Building Learning Power is an approach to learning based on developing learning muscles or skills that enable the learner to be active, independent and resilient.
Guy Claxton, the founder of BLP and Professor of Learning Sciences at the University of Winchester, provided a framework from which schools can base their work on BLP. This framework is known as the learning powered mind, pictured below.
The idea is that children have time to focus on and develop each of their learning muscles. Here at Stanwell Fields, we focus on one learning muscle each half term. This gives children time to get used to using the language of BLP and have the opportunity to apply it to everyday learning situations.
So far, the children have focussed on the following learning muscles:
Children at Stanwell Fields recognise that, at times, learning can be a struggle. Having developed this learning muscle in the Autumn Term, the children are now able to keep on trying, even when learning gets tough. Giving up is not an option!
Another learning muscle developed in the Autumn term was the collaboration learning muscle. Children were given the opportunity to take part in team building activities during their BLP day and have learnt that by working together, everyone achieves more. Children at Stanwell Fields know that they need to manage their feelings when working with others, and that everybody has the right to be heard.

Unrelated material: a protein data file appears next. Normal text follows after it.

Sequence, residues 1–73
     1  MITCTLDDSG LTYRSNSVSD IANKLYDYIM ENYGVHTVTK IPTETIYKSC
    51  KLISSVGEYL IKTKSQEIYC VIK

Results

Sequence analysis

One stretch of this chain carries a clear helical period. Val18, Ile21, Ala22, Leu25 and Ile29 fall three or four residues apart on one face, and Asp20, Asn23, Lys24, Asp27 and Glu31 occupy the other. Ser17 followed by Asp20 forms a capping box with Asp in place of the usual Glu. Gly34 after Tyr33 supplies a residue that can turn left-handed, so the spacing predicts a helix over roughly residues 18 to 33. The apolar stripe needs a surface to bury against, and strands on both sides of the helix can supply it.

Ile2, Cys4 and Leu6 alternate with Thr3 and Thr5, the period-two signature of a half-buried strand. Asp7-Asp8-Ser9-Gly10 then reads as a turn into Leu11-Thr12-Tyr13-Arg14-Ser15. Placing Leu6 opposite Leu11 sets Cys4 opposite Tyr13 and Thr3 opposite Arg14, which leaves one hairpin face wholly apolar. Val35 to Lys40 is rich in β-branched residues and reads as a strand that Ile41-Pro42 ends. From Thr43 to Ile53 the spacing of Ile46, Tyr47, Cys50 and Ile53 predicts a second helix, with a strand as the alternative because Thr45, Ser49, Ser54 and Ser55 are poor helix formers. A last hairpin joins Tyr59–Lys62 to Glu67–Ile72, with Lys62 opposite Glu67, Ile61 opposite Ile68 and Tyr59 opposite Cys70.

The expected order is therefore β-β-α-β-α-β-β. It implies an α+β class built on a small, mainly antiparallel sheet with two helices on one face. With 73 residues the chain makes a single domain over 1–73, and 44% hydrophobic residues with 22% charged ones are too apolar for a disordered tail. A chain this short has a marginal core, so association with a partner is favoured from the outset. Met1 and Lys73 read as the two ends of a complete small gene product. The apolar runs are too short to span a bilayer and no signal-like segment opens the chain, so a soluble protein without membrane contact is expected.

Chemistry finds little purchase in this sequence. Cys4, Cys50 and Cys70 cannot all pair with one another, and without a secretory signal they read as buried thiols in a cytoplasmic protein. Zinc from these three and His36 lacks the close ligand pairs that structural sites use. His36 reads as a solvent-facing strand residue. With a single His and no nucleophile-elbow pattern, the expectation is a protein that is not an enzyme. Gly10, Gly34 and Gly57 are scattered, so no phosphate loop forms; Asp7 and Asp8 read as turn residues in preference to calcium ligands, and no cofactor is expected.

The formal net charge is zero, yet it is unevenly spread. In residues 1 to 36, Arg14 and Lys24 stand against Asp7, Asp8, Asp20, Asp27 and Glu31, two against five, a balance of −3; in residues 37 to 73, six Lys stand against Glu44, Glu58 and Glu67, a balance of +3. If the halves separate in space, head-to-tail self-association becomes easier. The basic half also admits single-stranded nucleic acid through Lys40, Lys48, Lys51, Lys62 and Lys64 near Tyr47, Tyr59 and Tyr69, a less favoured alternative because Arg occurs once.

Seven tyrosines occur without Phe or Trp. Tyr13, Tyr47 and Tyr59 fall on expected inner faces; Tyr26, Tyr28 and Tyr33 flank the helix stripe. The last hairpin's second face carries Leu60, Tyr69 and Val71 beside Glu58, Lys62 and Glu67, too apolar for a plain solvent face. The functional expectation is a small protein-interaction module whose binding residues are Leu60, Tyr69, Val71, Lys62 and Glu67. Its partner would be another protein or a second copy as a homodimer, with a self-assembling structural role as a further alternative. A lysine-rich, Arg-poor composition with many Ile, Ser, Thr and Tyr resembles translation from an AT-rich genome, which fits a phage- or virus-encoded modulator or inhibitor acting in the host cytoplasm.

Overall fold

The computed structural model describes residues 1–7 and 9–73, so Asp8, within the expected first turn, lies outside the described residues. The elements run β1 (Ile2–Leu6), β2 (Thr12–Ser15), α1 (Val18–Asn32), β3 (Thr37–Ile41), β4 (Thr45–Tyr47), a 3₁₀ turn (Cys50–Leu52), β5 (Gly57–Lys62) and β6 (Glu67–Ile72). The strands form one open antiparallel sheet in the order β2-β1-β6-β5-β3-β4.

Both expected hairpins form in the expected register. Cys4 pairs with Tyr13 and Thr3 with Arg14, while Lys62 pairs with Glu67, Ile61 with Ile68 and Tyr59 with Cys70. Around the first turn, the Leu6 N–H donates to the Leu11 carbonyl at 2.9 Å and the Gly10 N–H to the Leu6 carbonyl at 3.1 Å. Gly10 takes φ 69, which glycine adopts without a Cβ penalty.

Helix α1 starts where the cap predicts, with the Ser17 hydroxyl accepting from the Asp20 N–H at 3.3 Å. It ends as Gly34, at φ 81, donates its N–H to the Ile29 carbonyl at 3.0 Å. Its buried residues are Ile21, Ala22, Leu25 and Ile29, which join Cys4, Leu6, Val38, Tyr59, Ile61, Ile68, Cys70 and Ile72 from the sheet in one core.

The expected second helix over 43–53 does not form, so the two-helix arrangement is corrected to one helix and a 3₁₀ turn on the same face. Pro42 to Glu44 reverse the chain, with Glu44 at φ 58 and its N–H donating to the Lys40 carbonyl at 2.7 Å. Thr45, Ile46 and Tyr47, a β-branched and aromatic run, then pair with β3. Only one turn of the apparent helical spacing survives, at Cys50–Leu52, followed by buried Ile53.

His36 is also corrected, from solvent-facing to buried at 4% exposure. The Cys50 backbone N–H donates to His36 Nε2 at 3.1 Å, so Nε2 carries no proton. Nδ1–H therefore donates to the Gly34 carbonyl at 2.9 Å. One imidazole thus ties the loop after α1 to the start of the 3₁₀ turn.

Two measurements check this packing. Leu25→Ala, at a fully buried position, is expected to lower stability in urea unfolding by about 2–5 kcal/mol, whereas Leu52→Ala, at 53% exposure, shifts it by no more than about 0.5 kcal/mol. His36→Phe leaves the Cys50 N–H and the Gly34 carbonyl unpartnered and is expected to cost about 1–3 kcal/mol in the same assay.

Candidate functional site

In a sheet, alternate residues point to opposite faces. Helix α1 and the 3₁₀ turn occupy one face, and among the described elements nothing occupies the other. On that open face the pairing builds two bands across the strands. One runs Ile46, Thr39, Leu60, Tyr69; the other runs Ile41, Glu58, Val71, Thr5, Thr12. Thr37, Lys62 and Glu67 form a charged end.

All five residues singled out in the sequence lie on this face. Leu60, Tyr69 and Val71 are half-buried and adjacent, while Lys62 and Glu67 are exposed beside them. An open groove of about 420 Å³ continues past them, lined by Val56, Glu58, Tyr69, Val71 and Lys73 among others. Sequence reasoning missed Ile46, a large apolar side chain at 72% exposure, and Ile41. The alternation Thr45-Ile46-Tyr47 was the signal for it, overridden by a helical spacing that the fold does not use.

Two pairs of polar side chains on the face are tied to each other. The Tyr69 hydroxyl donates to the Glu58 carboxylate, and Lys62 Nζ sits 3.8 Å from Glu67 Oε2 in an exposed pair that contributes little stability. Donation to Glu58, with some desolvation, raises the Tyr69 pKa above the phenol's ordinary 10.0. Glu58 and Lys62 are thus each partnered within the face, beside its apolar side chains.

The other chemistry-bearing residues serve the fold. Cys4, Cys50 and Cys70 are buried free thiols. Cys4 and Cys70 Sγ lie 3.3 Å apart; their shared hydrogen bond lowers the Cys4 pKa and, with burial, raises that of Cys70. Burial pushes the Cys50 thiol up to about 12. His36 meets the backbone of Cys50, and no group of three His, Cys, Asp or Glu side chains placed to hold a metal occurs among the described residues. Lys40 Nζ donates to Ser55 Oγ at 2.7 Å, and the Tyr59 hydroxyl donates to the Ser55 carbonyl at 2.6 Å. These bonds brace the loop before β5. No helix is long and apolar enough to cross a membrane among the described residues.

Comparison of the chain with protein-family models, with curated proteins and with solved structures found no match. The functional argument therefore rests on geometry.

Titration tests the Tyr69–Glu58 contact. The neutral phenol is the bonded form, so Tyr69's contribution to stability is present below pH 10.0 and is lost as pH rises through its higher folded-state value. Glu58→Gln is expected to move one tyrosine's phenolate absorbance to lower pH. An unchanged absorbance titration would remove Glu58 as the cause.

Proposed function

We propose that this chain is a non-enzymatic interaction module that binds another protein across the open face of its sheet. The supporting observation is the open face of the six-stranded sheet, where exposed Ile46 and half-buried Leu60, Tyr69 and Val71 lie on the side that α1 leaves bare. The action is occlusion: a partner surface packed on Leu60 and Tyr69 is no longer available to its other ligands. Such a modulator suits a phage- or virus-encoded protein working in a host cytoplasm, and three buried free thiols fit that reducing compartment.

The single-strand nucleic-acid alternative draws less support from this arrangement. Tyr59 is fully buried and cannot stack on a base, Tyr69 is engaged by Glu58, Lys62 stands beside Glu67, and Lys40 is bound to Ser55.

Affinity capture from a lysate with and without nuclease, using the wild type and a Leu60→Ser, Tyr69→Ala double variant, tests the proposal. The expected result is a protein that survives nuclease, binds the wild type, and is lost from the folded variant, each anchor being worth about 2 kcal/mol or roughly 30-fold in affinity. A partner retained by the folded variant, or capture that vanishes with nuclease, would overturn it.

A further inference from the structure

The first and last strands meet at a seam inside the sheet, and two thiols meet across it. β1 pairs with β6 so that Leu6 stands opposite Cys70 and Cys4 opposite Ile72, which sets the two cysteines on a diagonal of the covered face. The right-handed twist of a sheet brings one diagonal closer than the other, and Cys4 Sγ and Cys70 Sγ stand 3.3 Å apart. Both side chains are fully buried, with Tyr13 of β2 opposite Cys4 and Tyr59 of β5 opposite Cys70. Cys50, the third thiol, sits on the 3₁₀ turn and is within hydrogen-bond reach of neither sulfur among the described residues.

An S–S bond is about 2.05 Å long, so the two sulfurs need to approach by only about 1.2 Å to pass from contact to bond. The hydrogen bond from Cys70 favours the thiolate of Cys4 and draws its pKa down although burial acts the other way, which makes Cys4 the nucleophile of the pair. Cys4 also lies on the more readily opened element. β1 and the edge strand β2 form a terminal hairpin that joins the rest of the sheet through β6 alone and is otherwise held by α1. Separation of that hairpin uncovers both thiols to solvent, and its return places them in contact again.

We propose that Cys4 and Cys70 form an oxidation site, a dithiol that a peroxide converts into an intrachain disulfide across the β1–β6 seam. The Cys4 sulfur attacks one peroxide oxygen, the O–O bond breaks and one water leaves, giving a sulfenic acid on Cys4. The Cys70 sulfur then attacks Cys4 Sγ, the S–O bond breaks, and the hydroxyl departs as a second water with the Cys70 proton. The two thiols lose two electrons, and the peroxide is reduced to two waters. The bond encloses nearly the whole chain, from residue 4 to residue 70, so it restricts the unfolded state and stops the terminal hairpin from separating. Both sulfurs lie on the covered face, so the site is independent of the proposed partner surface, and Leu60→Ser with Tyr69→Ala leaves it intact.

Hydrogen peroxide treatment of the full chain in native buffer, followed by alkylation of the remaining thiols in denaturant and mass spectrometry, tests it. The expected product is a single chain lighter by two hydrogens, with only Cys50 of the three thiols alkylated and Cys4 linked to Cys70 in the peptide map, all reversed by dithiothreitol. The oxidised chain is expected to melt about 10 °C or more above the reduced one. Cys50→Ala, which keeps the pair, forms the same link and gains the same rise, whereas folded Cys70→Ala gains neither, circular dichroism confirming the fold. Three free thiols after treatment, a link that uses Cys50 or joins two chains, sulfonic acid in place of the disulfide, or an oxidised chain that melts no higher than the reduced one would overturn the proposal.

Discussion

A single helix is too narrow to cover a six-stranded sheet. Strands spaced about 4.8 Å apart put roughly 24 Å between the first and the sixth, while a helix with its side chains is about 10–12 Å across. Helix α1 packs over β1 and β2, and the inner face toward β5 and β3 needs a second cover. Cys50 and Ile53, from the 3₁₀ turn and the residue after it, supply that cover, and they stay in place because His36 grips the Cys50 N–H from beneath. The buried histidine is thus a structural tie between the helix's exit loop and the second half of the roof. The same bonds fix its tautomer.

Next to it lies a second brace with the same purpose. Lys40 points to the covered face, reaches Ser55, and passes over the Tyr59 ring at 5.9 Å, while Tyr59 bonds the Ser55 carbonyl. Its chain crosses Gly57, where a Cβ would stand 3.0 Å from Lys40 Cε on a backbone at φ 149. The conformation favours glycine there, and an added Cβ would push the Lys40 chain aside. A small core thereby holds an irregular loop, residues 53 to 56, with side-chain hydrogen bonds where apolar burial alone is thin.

We focussed on this learning muscle at the beginning of the Spring term this year. Children at Stanwell Fields know what distracts them and how to minimise distractions for themselves and for others. They are able to settle back to work quickly after an interruption.
EMPATHY AND LISTENING
The Spring term also saw the introduction of the Empathy and Listening learning muscle. Children focussed on what it means to be an active listener and practised showing others that they were listening by making eye contact, feeding back to partners and using body language to acknowledge what others had said.
This is the most recently introduced learning muscle. At Stanwell Fields we know that our learning can be flexible. Sometimes we need to monitor our learning or see how things go, for example during a new project in DT. At times, it is necessary to change our plans when things go wrong or when we have simply had a better idea. During our parent workshop, even parents had to revise their plans whilst having a go at the hands on activities!
What is BLP?
How will it help my child?
What can I do to help?